I have been the owner of an independent tennis and health club business for over forty years. Being an entrepreneur has always been a super challenging job that is filled with obstacles, mistakes, lack of capital, increased competition, and the list goes on—the 80-20 rule applies here for sure.
Competition in an industry is of course the way of capitalism—competition makes us all better. Every new business idea and entrepreneurial venture that enters the health club and exercise industry forces current club owners to not rest on our laurels, not take our customers for granted, and to find new and innovative ways to serve our community. Successful entrepreneurs are naturally fearful and always keeping an eye on current and new competition–it’s a never-ending battle and it makes our businesses stronger and more resilient. Entrepreneurs aim to keep and hopefully grow our market share of our industry because this is a requirement for long term success and financial sustainability.
Five years ago, we learned that the largest big box health club chain in the US was building a $35 million health club right between (within three miles) two of our health clubs in MA. This chain is highly capitalized and has been a category killer in communities all over the nation. We were always fearful of them moving to our market and when we learned they were coming to town, we immediately sprang into action. We were determined to develop a plan that would differentiate ourselves from a big box chain and keep our members happy and our business alive.
Other than the Covid Pandemic, this was the most difficult obstacle we ever had to take on as a business. The large chain had resources to build a mammoth and beautiful, brand new club that would shine compared to our 40-year-old business and they had 100 times the marketing dollars to reach our communities with their slick advertising. We realized that their size and money created a playing field that wasn’t level and that like clubs in other areas they could potentially push us out of business. However, with the help of a consultant and our inspired management team we realized that we were the David who could indeed beat the Goliath. Our personal local and independent ownership and management team had spent 40 years building close relationships with all stakeholders, extraordinary community support, a remarkable staff, exceptional customer service, and we raised $1.3 million in capital upgrades that enabled us to win the battle—our business survived and is once again thriving.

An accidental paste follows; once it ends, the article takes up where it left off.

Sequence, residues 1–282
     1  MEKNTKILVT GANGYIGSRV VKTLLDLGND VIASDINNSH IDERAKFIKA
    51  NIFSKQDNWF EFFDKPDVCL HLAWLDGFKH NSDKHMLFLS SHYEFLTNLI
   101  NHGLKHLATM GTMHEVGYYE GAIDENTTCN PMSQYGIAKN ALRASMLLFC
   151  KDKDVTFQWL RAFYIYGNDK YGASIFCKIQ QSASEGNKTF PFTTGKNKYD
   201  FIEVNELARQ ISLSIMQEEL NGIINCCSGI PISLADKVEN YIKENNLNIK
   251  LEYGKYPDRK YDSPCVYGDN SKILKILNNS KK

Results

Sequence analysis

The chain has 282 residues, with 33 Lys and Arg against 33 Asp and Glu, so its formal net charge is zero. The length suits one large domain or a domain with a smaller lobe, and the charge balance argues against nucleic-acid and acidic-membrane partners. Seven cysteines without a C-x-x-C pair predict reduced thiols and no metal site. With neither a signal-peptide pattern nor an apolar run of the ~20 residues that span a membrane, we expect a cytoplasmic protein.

Our `legacy business’ lived to tell this story, but other businesses have not been so lucky. I share this story because fortunately the health and exercise business is what the `big guys’ call a `fragmented industry’. To independent and local owners this translates to mean that corporate chains (as much as they try) don’t monopolize nor dominate the industry. In this sector of our economy, small and mid-sized independent businesses that are agile and obsessed with extraordinary customer service have many pathways to succeed and grow.
All this being said, unfortunately in many industries modern commerce has been taken over by monopolies or near-monopolies and control over 90% of the market share of an industry. As a result, the number of small businesses in certain industries have dramatically diminished or disappeared completely.
In today’s US economy a business sector is monopolized when a small number of the big guys work together with price-fixing or other anti-competitive practices that results in the closing down of thousands of small independent businesses. When people think of a monopoly, they often think of the board game Monopoly where one player wins and everyone else loses. Well, some of us have played team Monopoly where more than one player gangs up on others and two or more dominate and share in the spoils. Team Monopoly accurately describes several industries where a few giant corporations own 90% or more of the market share.
There is a growing movement to break up monopolies and create a level playing field where a vibrant ecosystem of small independent and local businesses that provide a cornucopia of innovative products and services is encouraged and supported by fair business practices mandated by the federal government. One of the beautiful parts of the tradition of the US economy is when there is a fertile space where creative and innovative entrepreneurs can sprout, go for their dream, and grow an enterprise that sells a valuable and needed product or service.
Entrepreneurship has been central to the very core of the US economy, and the growing power and domination by large corporations makes it even more difficult (in some cases nearly impossible) to start and grow a sustainable enterprise. Free enterprise doesn’t mean there are no rules, free enterprise means that entrepreneurship is democratized and everyone has a fair shot at building a business that meets the needs of their community.
Industries that are being hammered every day with non-competitive practices include:
- Toy stores
- Lumber yards
- Stationary stores
Some of these have been able to find ways to provide services and special programs that enable them to survive and thrive in the face of the anti-competitive practices that many of the giant corporations regularly employ. For example, even though bookstores have found ways to succeed they constantly are facing unfair competition from Amazon which in some cases has forced bookstores out of business and in every case has made creating a profitable bookselling business close to impossible.
Laury Hammel, Founder and Owner of the Longfellow Health Clubs